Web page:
Any Hoo, I took this cassette tape into surgery with me and it played over and over until the surgery was over. ( auto - reverse tape player). You are also supposed to fill out a "Healing Statement For Surgery". Which is basically 4 statements that are repeated to you by the anesthesiologist or nurse during the operation.

It states that following the operation you will feel comfortable and you will heal very well.

Your operation has gone very well.

Foloowing the operation, you will be hungry for ( you fill in your favorite food). You will be thirsty and you will urinate easily.

And the last statement is Following the operation ( then you fill in your surgeons recommendations for recovery)

I know this is a lot of info, but hopefully you get the general idea.

I thought it was really cool that I had the tape player going thru the whole operation ( or that's what they tell me)

Even if you can just play soothing music, it can block out any noise in the operating room and keep you from hearing things you may interpret incorrectly.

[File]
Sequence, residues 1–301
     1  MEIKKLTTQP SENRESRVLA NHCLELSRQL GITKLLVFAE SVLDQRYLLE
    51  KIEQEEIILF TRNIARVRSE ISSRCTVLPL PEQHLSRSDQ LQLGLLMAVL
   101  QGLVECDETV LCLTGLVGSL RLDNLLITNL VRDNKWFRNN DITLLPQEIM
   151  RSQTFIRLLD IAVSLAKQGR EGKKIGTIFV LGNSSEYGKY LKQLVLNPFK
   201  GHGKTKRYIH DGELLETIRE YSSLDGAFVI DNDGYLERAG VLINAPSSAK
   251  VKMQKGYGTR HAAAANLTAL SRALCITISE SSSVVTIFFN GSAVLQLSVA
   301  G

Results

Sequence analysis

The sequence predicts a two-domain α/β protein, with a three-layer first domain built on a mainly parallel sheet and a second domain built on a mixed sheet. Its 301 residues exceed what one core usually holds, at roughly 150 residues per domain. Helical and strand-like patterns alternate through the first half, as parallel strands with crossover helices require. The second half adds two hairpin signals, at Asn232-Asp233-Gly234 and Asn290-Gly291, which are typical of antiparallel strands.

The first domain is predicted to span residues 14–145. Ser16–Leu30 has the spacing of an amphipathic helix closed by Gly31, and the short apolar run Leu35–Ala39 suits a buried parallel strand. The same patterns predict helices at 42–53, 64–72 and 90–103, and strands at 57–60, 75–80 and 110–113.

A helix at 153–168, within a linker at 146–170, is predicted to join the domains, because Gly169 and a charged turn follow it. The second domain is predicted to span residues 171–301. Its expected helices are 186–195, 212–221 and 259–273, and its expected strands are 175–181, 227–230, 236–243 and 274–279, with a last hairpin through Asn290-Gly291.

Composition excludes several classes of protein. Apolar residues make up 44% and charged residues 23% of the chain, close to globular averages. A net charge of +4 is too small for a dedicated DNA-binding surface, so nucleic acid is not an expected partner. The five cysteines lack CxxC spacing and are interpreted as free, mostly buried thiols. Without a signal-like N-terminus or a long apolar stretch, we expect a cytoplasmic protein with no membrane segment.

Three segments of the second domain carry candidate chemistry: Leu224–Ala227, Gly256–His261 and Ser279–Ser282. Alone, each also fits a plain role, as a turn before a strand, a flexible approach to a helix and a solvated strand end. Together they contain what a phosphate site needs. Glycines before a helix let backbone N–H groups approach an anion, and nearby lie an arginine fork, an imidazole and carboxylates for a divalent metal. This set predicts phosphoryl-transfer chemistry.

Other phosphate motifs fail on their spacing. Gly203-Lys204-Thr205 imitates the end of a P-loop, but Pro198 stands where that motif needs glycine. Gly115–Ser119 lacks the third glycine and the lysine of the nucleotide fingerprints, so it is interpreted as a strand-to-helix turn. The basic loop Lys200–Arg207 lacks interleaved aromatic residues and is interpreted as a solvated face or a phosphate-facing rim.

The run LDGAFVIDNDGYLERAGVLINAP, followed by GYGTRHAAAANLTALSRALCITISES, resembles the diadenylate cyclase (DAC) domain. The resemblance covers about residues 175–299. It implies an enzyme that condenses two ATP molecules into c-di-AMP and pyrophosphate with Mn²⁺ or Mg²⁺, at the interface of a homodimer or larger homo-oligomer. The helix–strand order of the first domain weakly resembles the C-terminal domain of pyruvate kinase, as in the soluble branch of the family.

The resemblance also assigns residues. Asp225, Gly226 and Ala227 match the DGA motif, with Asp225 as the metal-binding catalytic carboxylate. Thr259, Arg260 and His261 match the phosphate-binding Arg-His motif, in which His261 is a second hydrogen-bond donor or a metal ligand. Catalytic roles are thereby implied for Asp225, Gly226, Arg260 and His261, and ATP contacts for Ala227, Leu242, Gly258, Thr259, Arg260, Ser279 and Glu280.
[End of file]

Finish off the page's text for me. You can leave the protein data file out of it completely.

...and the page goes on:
I can give you more info if you want to e-mail me.

Everyone suggestions are great. I had a picture of my family right at my bedside the entire time I was there.

Use that breathing tube thing ( with the ball that goes up when you breathe into it) often.

Cough, but only with a pillow on your belly. It is good for your lungs to cough.

Get up as early and as often as you can. I know it sounds scary, but it is the best thing you can do for yourself. ( when you are ready )

Have lots to read, music to listen to and games or puzzles. It gets pretty boring in there.

When they let you have real food again, have your family bring in some good wholesome foods. That hospital stuff will kill you. Not to mention it all tastes like dirt. ( my sister used to bring my Starbucks Frapps. Although, I know Emily wouldn't approve, They were to die for after endless days of ice chips and jello.

I hated anything that touched my incision. I actually cut my undies right down the front.

I lounged around the house in those mens pajama bottoms. Make sure they are really loose.

When you get home and even in the hospital...walk. Walk a lot. Then walk some more. It will speed up your recovery and make you feel good at the same time.

I'd better stop. I'll end up using up a couple of pages here.

E-mail me if you like. I's be happy to chat.

Best of luck. You will do great.


Posts: 708
Joined: May 2004